The peroxidase profiles of absorbent roots is presented in Fig. 3. All the radiation treatments resulted in changes in electrophoretic profiles, but differently from what occurred with leaves. The peroxidase pattern found in directly irradiated absorbent roots not similar to those of roots originated from irradiated storage roots. The cathodic bands lost intensity at 90 Gy, while at 180 Gy an enhancement occur. Similar results were found for cathodic peroxidase profiles of absorbent roots of another cultivar, Paty do Alferes (Fig. 4).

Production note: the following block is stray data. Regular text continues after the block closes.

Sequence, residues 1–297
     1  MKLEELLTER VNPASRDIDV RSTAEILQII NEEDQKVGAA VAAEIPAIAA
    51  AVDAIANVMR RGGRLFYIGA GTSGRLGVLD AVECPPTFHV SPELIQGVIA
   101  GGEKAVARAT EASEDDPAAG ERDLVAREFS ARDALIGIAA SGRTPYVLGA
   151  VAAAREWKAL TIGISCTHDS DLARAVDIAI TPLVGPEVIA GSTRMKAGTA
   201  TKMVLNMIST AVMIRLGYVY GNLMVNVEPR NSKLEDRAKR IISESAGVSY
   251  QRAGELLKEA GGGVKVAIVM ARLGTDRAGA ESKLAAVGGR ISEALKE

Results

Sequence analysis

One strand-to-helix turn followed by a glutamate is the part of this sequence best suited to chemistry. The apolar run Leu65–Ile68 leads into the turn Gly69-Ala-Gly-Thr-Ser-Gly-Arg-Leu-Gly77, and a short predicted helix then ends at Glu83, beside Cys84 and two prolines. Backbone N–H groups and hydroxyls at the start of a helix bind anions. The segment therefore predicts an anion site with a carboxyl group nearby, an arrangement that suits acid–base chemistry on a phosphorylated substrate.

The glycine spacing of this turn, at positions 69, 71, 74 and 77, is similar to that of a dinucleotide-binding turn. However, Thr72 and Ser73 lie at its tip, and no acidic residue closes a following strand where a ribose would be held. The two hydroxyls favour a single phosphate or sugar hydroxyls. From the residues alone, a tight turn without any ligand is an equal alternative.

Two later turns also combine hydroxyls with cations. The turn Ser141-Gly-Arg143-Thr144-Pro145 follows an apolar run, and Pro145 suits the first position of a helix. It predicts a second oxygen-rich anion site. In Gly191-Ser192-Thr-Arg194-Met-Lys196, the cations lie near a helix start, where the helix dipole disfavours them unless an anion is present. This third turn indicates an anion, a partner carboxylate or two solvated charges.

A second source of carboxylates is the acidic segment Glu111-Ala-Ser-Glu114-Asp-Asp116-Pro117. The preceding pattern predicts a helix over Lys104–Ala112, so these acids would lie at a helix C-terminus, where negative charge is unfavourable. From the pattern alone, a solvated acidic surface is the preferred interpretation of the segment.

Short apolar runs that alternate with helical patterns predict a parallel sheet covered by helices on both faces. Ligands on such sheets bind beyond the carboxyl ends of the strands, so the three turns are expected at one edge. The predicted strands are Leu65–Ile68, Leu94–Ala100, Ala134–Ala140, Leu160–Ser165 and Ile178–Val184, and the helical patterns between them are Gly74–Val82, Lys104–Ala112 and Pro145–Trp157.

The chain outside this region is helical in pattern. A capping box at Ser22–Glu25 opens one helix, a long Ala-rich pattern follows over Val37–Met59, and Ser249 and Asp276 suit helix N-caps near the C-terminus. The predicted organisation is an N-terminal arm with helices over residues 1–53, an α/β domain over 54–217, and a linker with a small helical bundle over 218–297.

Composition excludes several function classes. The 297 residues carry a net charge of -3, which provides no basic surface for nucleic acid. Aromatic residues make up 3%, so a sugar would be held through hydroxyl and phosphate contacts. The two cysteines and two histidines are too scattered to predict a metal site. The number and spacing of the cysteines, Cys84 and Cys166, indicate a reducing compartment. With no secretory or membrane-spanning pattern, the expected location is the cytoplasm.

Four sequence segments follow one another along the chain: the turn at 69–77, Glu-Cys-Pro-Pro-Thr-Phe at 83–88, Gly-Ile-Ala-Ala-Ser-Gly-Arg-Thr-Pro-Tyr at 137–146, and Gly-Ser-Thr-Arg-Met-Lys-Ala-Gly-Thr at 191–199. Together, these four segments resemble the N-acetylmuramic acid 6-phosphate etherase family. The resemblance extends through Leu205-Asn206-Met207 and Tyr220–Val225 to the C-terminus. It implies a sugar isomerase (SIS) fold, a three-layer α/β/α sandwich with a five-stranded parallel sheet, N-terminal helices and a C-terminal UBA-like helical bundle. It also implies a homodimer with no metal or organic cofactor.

The first point to discuss are the differences found for both differentiation and peroxidase electrophoretic profiles in shoots and roots taking into account the origin of each one. Shoots are formed from a dormant meristem, a complex structure responsible for the organogenesis in the post-embryonic period, and the leaf primordium destiny is established in an extremely early stage (Steeves and Sussex, 1990a). In contrast, roots differentiate from pericicle cells - one or more layers of cells that constitute the outermost region of the vascular system (Steeves and Sussex, 1990b), where a single cell form an adventitious root meristem differentiates the new root. In the first case, the meristem that originates the aerial part is already formed before the shooting stimulus, and therefore is probably less affected by the radiation treatment. In the second case, the pericicle cells will generate a new meristem, in such a way that its formation could be affected by radiation by interfering with their epigenetic material. Changes in the epigenetic material may be related to permanent phenotypic modifications, defined as somaclonal variation (Larkin and Scrowcroft, 1981), commonly found in adventitiously regenerated plants. Lage and Rocha (1994) as defined by Waddington (1975) considered this phenomenon as an example of genetic assimilation. Changes in peroxidases must have direct effects in IAA turnover (Glaston et al., 1953; Kenten, 1955; Hokkinakis and Brooks, 1979; Acosta et al., 1989; Gazarian et al., 1998; Kubo et al.,1999), therefore affecting phenotype of the regenerated plant. Fields et al. (1989) reported heritable changes in flax peroxidases for two generations in response to modification in nitrogen levels. This indicates that changes in the peroxidase pattern could be maintained over long term, or even for generations.